Hazards of Humidity (or lack thereof)

Curve in Transom


(to start of project)

 About those towels . . .

Here’s one of those little problems that you don’t really factor into work the schedule. It’s not covered in the manual, but it’s one of the major hazards of any woodworking project that spans several seasons. See, wood, as an organic material, has evolved structurally over millions of years to be very good at absorbing water at one end of the tree and transporting it to another. Every fiber, every cell, is designed for this. Just because you cut the tree down doesn’t stop that structure from working entirely. Imagine that! It still works like a sponge, and so shrinks and swells as it absorbs and releases moisture. But it does it so slowly, and our projects are usually completed so quickly, that we don’t notice it. Not so with a boat project that has already seen the passing of four full seasons.

As I was laying out the deck beams, all carefully sized and aligned, I noticed that a strip laid across them no longer lined up with the top of the transom. Not a little. It was off by a half inch. Dang it!



 Misalignment of deck to transom.


I checked and rechecked all the measurements, and they all checked out. Hmmm. Scratching of head repeatedly did not help. Checked again. Went to bed. Then checked again the next morning. Everything was still right, but the gap was still there.

Could I have got the transom wrong to begin with? No, because the deck strips were laid down and glassed with the transoms in place a few months ago, and it all lined up perfectly. Then, as I was looking at the unnerving gap, and thinking how I might now have to shim things to get it all to fit again, I noticed an odd curve in the transom itself, and it finally dawned on me. Suspicious, I checked the thermometer/hygrometer I keep in the shop – yup. A quick check of the dates on the project photos confirmed it. The wood had shrunk – a lot. How much? Well, hard to say, but the bigger problem is that it was only shrinking on one face, warping the transom. How much? Well, enough that when I laid a level against it there was almost a full inch gap at the peak of the curve. That curve is pulling the crown of the transoms down and away from the deck, ruining that classic gentle sheer line in the deck profile.


Warping of transom.


The interiors, including the insides of the transoms, were glassed at the end of July. The outsides were glassed the previous April, but I left the outsides of the transoms bare, because they’ll have a final outer layer of walnut epoxied to them when the boats are nearly done. That layer of glass and epoxy on the inside is keeping the inner surface stable and fixed, while the bare outer surface is shrinking and swelling with the ambient humidity. This difference is causing the wood to warp.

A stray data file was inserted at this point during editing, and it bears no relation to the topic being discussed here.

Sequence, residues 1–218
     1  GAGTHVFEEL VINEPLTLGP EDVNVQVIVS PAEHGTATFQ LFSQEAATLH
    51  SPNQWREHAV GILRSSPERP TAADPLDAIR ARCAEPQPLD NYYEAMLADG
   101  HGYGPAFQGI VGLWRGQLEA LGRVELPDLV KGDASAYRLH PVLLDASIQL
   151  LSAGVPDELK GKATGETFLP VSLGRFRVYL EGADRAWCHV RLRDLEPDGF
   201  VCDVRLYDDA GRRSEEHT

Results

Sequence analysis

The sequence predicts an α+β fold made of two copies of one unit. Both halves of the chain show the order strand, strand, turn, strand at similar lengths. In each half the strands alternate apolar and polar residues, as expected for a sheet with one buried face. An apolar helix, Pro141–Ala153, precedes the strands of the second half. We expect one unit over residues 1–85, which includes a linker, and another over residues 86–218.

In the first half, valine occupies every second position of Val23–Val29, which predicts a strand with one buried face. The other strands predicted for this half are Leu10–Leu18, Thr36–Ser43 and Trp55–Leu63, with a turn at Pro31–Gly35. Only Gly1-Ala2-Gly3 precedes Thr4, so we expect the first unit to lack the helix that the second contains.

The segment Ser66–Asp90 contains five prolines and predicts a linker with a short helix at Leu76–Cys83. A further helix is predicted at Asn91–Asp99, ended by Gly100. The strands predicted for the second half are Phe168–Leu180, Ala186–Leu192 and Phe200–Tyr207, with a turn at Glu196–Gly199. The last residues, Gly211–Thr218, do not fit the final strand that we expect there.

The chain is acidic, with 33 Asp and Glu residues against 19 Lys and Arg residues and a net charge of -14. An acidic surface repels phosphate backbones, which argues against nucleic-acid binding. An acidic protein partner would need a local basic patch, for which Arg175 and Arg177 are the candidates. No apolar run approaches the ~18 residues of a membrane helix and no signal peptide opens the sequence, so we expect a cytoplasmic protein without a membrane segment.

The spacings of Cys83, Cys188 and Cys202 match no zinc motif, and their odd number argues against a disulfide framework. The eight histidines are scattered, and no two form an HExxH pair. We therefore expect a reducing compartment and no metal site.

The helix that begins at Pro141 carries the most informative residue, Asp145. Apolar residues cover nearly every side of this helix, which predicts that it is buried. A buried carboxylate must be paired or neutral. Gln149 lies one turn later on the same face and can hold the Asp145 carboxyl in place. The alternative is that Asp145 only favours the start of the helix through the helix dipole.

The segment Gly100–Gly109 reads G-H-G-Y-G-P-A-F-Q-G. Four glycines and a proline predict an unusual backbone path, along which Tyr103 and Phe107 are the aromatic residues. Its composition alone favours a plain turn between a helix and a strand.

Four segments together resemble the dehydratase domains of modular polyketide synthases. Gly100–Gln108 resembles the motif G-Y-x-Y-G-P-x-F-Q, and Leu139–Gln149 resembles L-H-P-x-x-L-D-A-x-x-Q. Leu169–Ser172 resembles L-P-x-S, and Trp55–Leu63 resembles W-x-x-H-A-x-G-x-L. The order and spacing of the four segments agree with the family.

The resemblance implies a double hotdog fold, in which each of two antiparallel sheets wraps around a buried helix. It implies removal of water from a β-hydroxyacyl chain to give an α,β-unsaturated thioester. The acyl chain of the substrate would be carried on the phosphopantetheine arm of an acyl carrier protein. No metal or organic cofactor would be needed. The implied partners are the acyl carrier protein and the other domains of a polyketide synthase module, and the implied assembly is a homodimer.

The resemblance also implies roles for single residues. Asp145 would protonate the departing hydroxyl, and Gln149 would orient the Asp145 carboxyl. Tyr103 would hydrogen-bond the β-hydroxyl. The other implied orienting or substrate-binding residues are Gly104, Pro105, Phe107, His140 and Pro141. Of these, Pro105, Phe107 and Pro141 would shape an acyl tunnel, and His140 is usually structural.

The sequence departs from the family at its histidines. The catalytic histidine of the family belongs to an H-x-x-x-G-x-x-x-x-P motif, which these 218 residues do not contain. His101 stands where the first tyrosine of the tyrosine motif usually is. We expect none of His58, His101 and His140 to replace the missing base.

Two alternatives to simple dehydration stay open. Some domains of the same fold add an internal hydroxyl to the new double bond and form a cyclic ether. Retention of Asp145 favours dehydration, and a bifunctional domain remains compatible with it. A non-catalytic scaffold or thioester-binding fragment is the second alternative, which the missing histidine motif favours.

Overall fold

In July the humidity averaged between 70 and 80 percent. On this day in January we’re in the midst of an unusual weather pattern. Very unusual. There’s a kink in the Jet Stream over the Northern Hemisphere, and that kink has affected weather patterns in a weird backwards world sort of way. It’s been bitter cold here for almost a solid month. Records are falling all over the Southeast. This morning it was colder in Tampa, Florida, than in Anchorage, Alaska. It was colder under the palm trees in St. Augustine than in Greenland, home to second largest block of ice on face of the planet. The Gulf Stream, which usually flows toward northern Europe, keeping it temperate, has flipped back on itself and is flowing northward up the west coast of Greenland into the Arctic instead. As a result, not only is the Arctic unusually warm, but England is covered in snow for the first time in decades. Spring flowers are blooming on the ski slopes of Bulgaria, while parts of the UK set record lows of -6 degrees Fahrenheit (-21C). Weird.



 England without the Gulf Stream.


Cold weather here means low humidity – even in the basement it’s been averaging around 28%. It’s that difference between the humidity in July and January that’s messing everything up, certainly. To test the theory, I put a towel in a bucket of water for a wick and set the bucket on the strongback next to the transom of each boat, then wrapped the whole thing in plastic with the hygrometer inside.



Bucket of water with towel wick.

Humidity tent test.


After two days the humidity had risen to 40%. I took out the level and made another measurement, and the 1 inch gap had been reduced to just over 1/4”. Great! Now I just have to raise the humidity in the whole basement. The only problem is that’s not working too well. It’s a big room. I’ve installed three homemade humidifiers – buckets full of water, with towel wicks and fans – and with them am pumping 5 gallons of water a day into the air in the room, but I still can’t get the humidity for the whole room above 30%.



At this point I’m not sure what to do. I’ve noticed the same warping of the transoms is also happening to the decks, which are also only glassed on one side. Back in July I had noticed a slight cupping in the keel planks when it came time to glass the insides, but thought it was due to the sides of the hulls falling open under their own weight. Now I know that the cupping is from glassing the outsides in April and the insides in July.

I either have to buy some commercial humidifiers or wait for warmer weather. Maybe in another week this cold snap will finally break. Then my wet towel buckets may be enough to do the trick. I think I’ll postpone doing anything for now, and wait and see.

In the meantime, I have a couple of posts in the works on related subjects I can work up while we wait.
melonseed skiff, mellonseed skiff, melon seed, mellon seed   


One Reply to “Hazards of Humidity (or lack thereof)”

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